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Sleeve Nuts

Sleeve Nuts

I have been wracking my brains over the theory behind sleeve bolts (some people call these compensators).

It is a sleeve to extend the stud for high temperature service.

Every time I try to do the theory I seem to come up with a different answer. Example: one time I try to maintain constant gasket stress by holding gasket strain between ambient and operating (bolts colder than flange); another I will try to ensure that the gasket does not unload in shut-down. Every time I come up with different answers, some of which do not even seem realistic.

However, sleeve nuts have been used countless times, so where am I going wrong???

In the 1990s I had a book called 'Theory and Design of Pressure Vessels' by Harvey, which had the theory behind this (about page 435 - I used to catalog pages when I was young and keen!). Lent it to my Client's engineer-weasel and never saw it again - Thank You Shanghai Chemical! - Hope you enjoy it.

In a similar vein, I am trying to work out whether Belleville washers make sleeve bolts redundant (another subject I think addressed by Harvey).

Tough for me to ask for a freebie on this, but with the downturn in O&G I cannot really face buying another copy of Harvey just for this one question.

Thanks for your time.

RE: Sleeve Nuts

Bolt sleeves increase the grip length of the bolt, which in turn decreases the stiffness of the bolt - total elongation is Δl=l*F/(A*E), where:
Δl is the total elongation due to the axial force F
l is the grip length of the bolt (i.e. from inner nut face to inner nut face)
F is the axial force in the bolt
A is the effective cross-sectional area of the bolt
E is the Young's Modulus

During events which result in a change in temperature from installation, the thermal expansion imposes its own Δl. Depending on the situation, this may increase or decrease the axial force on the bolt. But, the longer the bolt, the less that the value of F will change.

Belleville washers work on a similar principle, by adding some springy-ness between the flange surface and the nut face. The goal in both is to maintain as constant a bolt force (and hence gasket contact force) as possible, throughout a temperature change.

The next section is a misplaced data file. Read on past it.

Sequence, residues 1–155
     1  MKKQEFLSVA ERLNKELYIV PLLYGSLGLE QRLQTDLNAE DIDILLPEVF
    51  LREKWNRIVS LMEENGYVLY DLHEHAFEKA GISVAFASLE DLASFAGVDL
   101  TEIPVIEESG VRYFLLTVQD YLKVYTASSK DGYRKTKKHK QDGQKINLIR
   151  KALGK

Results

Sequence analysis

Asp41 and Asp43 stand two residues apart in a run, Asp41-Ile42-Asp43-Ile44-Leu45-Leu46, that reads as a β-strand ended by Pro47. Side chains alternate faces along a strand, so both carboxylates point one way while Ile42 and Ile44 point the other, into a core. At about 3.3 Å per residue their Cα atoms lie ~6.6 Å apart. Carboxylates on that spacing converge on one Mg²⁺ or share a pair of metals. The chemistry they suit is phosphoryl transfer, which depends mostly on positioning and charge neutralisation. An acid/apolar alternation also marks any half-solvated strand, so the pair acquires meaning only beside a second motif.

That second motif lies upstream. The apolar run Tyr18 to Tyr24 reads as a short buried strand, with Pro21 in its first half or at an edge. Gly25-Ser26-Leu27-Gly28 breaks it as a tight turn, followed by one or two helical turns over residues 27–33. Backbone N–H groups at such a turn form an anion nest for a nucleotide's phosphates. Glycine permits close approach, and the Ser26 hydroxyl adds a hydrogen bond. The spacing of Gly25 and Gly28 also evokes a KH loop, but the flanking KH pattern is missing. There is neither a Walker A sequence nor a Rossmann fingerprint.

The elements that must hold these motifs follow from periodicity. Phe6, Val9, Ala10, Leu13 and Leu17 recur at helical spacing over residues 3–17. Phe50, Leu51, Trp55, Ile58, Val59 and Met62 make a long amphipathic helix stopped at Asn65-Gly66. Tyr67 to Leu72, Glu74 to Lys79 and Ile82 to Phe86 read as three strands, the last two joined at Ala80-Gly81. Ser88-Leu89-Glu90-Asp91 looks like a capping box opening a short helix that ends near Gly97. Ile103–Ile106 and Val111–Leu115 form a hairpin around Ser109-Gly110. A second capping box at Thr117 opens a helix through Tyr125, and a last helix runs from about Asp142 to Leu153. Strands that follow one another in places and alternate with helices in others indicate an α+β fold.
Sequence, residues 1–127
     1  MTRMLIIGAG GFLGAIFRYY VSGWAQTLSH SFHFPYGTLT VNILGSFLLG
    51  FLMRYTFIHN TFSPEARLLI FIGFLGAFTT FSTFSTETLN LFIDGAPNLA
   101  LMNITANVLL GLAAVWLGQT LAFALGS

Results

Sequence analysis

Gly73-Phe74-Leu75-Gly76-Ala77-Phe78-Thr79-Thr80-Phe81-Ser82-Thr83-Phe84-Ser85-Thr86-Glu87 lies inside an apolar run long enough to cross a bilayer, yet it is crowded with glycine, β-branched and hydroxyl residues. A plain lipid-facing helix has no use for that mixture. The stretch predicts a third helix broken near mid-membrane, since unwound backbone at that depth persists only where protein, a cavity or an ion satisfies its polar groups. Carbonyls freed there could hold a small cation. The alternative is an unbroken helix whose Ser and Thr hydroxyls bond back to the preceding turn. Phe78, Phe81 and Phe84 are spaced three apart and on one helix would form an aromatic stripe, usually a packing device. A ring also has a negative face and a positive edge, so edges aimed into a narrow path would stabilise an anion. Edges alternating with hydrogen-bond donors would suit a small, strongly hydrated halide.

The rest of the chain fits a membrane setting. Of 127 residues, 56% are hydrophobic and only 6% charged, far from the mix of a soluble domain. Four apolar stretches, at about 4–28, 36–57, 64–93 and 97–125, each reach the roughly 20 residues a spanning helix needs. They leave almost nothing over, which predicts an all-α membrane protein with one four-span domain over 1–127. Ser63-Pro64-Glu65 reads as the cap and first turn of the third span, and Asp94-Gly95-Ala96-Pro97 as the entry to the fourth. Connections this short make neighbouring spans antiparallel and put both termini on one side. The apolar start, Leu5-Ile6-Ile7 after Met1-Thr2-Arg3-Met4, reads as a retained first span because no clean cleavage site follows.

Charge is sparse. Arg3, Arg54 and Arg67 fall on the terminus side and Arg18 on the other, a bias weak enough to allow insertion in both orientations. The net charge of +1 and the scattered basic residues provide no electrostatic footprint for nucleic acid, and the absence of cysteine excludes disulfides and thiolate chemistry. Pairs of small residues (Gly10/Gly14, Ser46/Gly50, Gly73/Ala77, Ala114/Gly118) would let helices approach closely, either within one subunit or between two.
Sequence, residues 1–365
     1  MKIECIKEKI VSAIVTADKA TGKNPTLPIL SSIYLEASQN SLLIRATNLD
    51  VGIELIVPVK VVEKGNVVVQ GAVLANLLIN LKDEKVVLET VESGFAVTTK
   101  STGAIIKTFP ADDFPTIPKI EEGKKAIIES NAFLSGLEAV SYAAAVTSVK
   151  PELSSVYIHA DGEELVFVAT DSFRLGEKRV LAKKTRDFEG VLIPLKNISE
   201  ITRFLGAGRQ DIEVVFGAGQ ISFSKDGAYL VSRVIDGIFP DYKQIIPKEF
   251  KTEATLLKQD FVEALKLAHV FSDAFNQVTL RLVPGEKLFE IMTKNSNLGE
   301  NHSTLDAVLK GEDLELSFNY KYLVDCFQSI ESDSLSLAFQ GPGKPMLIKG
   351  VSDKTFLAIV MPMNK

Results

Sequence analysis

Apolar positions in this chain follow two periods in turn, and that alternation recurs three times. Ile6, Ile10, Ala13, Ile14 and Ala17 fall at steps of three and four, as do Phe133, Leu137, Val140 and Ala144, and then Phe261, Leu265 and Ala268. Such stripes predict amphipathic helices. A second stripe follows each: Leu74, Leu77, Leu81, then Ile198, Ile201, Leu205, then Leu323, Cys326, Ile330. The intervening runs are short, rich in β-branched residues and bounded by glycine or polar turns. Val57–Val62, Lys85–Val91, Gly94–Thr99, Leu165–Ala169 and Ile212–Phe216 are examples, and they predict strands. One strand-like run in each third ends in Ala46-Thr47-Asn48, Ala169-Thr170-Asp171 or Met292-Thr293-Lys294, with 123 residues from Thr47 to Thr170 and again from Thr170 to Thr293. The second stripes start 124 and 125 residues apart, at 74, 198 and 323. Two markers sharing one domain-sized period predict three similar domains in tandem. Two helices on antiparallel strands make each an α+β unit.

RE: Sleeve Nuts

Excellent! Many Thanks!
I wanted a way to get a sleeve washer to equal Bellevilles, but came up with three different answers (depending on parameters). Your answer appears to work. Thanks again!

RE: Sleeve Nuts

a) Pressure Vessel Design Manual 4th Ed., by Dennis R. Moss and Michael Basic

Studs. Studs used for high pressure applications are integral to the overall design, the performance of the joint,
and functioning of the vessel. For these reasons, it is imperative that every design detail receive the appropriate
Typically the threaded shank of the stud creates a stress concentration. Numerous tests have shown that this is the most likely area of failure. To preclude this, and minimize stress concentrations, a generous radius is machined into the shank of the stud at the location of the first thread. This is critical for cyclic service or high temperature operation. Any time high temperature or fatigue are involved, the studs should have a generous radius machined at the root of the first thread.

Sleeve Nuts. Sleeve type nuts are utilized whenever normal spacing of nuts based on wrench clearances cannot
be met or is not desirable. Sleeve nuts are a smooth sleeve of metal that is internally threaded. The nuts may have a nut machined to the top of the cylinder to accommodate hand or wrench tightening. However, they are not designed for manual tightening.
Most high pressure applications do not utilize wrench tightening anyway. So why base the bolt spacing based on
wrench clearances?
In this case, the nut is not there to create the stud tension, but only used to secure the elongation of the stud. Sleeve nuts achieve this goal with a minimum of metal. Sleeved nuts may have holes drilled in them to facilitate the turning of the nut during stud elongation.
Sleeve nuts have longer threads to develop full strength as opposed to nuts. Sleeve nuts should have a minimum of
10 threads to ensure full strength.


2.2 In order to make a bolted connection as elastic as possible, it is recommended to design it with neckeddown bolt to DIN 2510. Neckeddown bolts should be applied if the design temperature exceeds 300ºC or if the design pressure is higher than 40 bar. Care has to be taken that adequate effective bolt length is available which can be increased e.g. by sleeves to DIN 2510. The length of the bolt shank must be at least twice the thread diameter
2.3 Neckeddown bolts are regarded to be bolts having a shank diameter ds≤0,9 dk or having dimensions according to DIN 2510. Bolts with no reduced shank are regarded to be rigid as far as design is concerned.


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